** I wonder if there is another team in the league with two offensive players as their leading special teams’ tacklers like the Cowboys. Tight ends James Hanna and John Phillips lead the unit with four tackles apiece. Running back Phillip Tanner is tied for fourth with three. How teams record tackles is up to the coaches, but I wonder if the Cowboys can be happy that so many offensive players are at the top of that list considering, you know, they generally aren’t good tacklers because, you know, they play, umm, offense.

Power Rankings: Top 10 defensive players

May, 24, 2011
5/24/11
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NFL power rankings: Defensive PlayersESPN.com IllustrationTroy Polamalu (43) was the unanimous choice among our bloggers as the NFL's top defensive player.
During the unprecedented offseason of 2011, ESPN.com has ranked the top pass-rushers in the NFL. We've ordered linebackers, rated cornerbacks and chosen the league's top 10 safeties as well. Now it's time to start putting it all together.

This week's challenge: Meld those four ballots into a single list of the NFL's 10 best defensive players. The subtle shift in parameters required us to consider not only a player's individual impact, but the overall importance of his position to the game.
Both in the draft and in the free-agent market, NFL teams place premium value on pass-rushers and interior defensive linemen. Other positions, most notably safeties, are relegated to secondary priorities. So in that sense, it's both remarkable and telling that Pittsburgh Steelers safety Troy Polamalu was the unanimous top choice of our committee.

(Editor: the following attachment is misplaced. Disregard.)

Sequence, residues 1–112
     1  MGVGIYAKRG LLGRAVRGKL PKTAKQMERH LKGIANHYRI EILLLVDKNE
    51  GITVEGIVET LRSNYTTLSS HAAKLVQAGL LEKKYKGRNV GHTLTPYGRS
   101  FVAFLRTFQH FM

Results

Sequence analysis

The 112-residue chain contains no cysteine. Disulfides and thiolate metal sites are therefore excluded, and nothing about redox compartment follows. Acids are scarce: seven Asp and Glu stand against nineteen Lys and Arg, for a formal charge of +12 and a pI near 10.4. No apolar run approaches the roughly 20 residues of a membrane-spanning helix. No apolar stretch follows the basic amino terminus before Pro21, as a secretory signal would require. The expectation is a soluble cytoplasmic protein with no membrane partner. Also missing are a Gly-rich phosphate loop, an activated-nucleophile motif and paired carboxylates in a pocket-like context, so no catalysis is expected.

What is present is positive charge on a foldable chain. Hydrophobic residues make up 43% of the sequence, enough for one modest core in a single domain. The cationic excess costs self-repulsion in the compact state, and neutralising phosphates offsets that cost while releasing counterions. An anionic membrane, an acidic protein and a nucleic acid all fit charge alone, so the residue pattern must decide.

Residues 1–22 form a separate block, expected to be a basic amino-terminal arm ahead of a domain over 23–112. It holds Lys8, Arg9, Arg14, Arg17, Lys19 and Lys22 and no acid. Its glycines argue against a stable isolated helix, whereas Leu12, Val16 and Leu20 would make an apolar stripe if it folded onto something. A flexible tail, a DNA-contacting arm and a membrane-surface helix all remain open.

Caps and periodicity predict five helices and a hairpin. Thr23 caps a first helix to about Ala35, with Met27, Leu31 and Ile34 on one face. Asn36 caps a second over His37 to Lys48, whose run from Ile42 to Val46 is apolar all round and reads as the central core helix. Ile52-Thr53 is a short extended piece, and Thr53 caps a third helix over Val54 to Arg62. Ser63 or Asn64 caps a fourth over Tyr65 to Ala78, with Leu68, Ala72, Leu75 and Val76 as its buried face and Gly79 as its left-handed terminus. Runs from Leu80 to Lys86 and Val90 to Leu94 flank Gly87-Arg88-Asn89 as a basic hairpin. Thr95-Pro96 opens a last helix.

"Troy has a skill set that I've never seen from the safety position," said AFC North blogger James Walker, who has covered Polamalu for years. "He has the hands, coverage skills and acceleration of a corner, but the instincts and timing on the blitz and against the run like a linebacker. When I've asked coaches to draw a comparison to another safety, they struggle to come up with a name, because there's really no one like him. [Steelers defensive coordinator] Dick LeBeau also deserves credit for building his defense around Troy, because that's really hard to do for a safety."

To what extent do NFL teams typically value safeties? Consider that in last month's draft, the first safety wasn't selected until midway through the second round (UCLA's Rahim Moore, by the Denver Broncos, at No. 45 overall). And in determining franchise tag numbers for a potential 2011 market before the lockout, the league was set to assign safeties the third-lowest figure among all positions, ahead of only tight ends and kickers.